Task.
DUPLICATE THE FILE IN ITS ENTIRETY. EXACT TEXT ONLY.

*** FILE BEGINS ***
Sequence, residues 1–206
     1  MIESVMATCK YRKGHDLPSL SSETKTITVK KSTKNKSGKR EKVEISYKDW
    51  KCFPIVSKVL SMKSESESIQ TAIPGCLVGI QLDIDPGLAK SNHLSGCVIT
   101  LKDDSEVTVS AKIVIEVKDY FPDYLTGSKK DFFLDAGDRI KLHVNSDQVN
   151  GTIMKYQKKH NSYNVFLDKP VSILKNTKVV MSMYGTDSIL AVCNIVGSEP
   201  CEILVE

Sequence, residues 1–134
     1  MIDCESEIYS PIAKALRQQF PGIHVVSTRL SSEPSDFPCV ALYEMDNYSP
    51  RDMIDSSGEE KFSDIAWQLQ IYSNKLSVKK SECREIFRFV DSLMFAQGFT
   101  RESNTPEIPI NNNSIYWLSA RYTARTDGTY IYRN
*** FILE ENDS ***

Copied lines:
Sequence, residues 1–206
     1  MIESVMATCK YRKGHDLPSL SSETKTITVK KSTKNKSGKR EKVEISYKDW
    51  KCFPIVSKVL SMKSESESIQ TAIPGCLVGI QLDIDPGLAK SNHLSGCVIT
   101  LKDDSEVTVS AKIVIEVKDY FPDYLTGSKK DFFLDAGDRI KLHVNSDQVN
   151  GTIMKYQKKH NSYNVFLDKP VSILKNTKVV MSMYGTDSIL AVCNIVGSEP
   201  CEILVE

Sequence, residues 1–134
     1  MIDCESEIYS PIAKALRQQF PGIHVVSTRL SSEPSDFPCV ALYEMDNYSP
    51  RDMIDSSGEE KFSDIAWQLQ IYSNKLSVKK SECREIFRFV DSLMFAQGFT
   101  RESNTPEIPI NNNSIYWLSA RYTARTDGTY IYRN